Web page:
By Maureen Smith
JACKSON – Mercy Sisters Patricia Parker and Robyn Huser were honored by the University of Mississippi Medical Center School of Nursing on Friday, May 10, as part of National Nurses Week. The pair hatched an idea almost 20 years ago to outfit a bus as a mobile clinic and take it into the Delta to serve children with no access to healthcare.
They raised the money and the Mercy Delta Express started to roll from school to school. The Sisters partnered with the University of Mississippi Medical Center’s School of Nursing to staff the bus and give students experience working with those in need and the program took off from there.
The Sisters said they got the idea from two very different sources. “It all started with a homeless boy in Jackson telling us ‘y’all need to do something in the Delta, and I’m going to give you some money!’ We told him we would not take any money from our clients,” laughed Sister Robyn.
The more specific form the help should take came from a federal report on poverty in the region. “Sister Robyn and I, years ago, read the Delta Commission Report and we felt like we needed to do something in the Delta – we were working in Jackson at the time,” Sister Patricia explained. “We were able to raise funds and provide the Mercy Delta Express. Doctor Peggy Hewlett, who was the associate dean, said ‘let me help you,’ and that’s how we got started with the school of nursing. They took over and have been so supportive. We have had a number of our Mercys from Vicksburg who were volunteers for a number of years,” she added.
“I remember talking with one of the Mercy Delta Express Sisters a couple of years ago when I went on a bus tour with Marian Wright Edelman into the Mississippi Delta to explore poverty and child hunger. I was blown away with her knowledge and absolute feel for the community she served. She loved that community and I believe the feeling was so, so mutual,” said Ruth Cummins, who works in the communications office for the University of Mississippi Medical Center.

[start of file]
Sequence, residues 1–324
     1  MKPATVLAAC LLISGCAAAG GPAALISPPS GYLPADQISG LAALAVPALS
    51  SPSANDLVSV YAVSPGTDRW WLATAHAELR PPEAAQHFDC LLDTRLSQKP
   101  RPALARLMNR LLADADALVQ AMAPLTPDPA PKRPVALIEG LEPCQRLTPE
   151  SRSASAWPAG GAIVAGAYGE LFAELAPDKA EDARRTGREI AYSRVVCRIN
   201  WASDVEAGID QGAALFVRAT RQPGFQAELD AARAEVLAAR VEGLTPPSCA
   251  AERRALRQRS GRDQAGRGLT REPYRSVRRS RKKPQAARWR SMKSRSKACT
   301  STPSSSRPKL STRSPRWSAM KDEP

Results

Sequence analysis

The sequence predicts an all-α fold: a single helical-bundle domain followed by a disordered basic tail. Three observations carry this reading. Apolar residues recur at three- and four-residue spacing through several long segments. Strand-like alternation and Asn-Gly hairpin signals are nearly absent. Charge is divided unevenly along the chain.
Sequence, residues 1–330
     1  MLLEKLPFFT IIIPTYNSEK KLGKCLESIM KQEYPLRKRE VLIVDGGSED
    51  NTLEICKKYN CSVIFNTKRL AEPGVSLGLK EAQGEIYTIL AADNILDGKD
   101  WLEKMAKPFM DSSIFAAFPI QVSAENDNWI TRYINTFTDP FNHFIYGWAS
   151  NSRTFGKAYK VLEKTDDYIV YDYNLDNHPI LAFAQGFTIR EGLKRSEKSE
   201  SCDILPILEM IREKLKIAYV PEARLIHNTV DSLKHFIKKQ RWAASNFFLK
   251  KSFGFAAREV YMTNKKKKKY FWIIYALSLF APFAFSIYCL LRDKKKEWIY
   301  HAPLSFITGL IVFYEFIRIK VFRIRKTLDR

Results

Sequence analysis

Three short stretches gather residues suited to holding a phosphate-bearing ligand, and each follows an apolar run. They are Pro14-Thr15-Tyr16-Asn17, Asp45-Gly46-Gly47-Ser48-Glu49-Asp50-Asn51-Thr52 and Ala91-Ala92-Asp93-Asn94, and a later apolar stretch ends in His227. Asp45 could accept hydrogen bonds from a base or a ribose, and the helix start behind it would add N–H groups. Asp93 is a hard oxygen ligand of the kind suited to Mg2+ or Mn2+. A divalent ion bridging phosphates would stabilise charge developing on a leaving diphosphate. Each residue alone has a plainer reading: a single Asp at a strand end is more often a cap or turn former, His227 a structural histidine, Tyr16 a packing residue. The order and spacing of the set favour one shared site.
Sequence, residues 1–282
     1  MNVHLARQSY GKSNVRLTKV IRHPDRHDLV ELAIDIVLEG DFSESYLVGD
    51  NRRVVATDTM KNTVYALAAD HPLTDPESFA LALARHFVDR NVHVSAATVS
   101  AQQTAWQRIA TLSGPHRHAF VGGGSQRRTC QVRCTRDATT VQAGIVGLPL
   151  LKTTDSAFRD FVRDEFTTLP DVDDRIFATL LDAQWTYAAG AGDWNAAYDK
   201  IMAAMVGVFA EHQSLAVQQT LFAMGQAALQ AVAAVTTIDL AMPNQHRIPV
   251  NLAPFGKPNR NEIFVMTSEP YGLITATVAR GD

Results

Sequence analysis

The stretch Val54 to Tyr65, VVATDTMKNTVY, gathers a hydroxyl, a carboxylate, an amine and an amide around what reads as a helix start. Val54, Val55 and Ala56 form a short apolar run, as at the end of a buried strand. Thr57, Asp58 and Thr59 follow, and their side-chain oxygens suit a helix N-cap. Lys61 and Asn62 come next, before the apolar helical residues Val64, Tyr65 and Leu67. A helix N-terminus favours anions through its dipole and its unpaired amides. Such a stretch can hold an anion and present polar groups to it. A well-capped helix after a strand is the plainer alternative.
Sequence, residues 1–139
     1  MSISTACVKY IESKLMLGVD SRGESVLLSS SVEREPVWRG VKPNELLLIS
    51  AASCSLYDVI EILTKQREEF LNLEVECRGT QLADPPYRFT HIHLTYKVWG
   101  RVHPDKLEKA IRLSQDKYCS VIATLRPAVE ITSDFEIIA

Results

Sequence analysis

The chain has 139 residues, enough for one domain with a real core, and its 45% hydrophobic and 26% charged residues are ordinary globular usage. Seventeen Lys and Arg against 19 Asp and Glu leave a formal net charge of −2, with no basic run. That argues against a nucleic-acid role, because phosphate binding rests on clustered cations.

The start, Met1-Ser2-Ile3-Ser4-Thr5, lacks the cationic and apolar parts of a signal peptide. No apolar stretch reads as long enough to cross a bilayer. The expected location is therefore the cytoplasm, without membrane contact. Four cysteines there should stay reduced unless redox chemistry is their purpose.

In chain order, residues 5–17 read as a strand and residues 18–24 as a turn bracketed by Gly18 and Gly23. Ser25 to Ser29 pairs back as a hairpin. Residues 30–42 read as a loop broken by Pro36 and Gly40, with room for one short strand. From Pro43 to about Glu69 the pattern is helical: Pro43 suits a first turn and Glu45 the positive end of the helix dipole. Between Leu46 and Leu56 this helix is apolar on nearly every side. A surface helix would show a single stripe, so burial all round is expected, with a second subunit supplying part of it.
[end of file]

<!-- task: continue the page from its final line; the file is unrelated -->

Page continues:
Today the School of Nursing staffs in-school clinics and the bus only goes to health fairs. The program is now the “Coordinated Healthcare through an authentic model of partnership” or CHAMP program. It started in Sharkey and Issaquena Counties with the bus. Current partners include the South Delta School District, Ripley Blackwell Head Start, Diabetes Foundation of Mississippi, Smiles Across America, Hope and Comfort, Kotex Corporation, Sharkey/Issaquena Health Network, and numerous churches, according to school of nursing public relations representative Kate Royals. In an email to Mississippi Catholic she added “The overall goal of this work is to improve health outcomes for Mississippians in urban Jackson and the Mississippi Delta, while educating the next generation of interprofessional health care providers, including nurses and advanced practice nurses in partnership with physicians, dentists, social workers, occupational therapists and pharmacists.”
In addition to healthcare, the project also offers wellness education and operates in Ripley Blackwell Head Start, South Delta Elementary, and South Delta Middle School and offers the Delta Teen Wellness Project at South Delta High School.
The School of Nursing presented Sisters Patricia and Robyn with a plaque and school representatives spoke about their inspirational leadership in getting the project started. The staff provided a spread of food and sweets for a reception following the ceremony.
“We are very humbled and we feel that the University School of Nursing did not give themselves the credit because we could never have done this on our own. We are just so grateful for all of them,” said Sister Patricia.
Sister Robyn added that they continue to be amazed at the impact one simple idea continues to have “It’s kind of an awesome thing. Both Patricia and I feel like when you start something you just do it and you don’t think anything about it and when something like this (honor) happens you think- ‘we did it!’”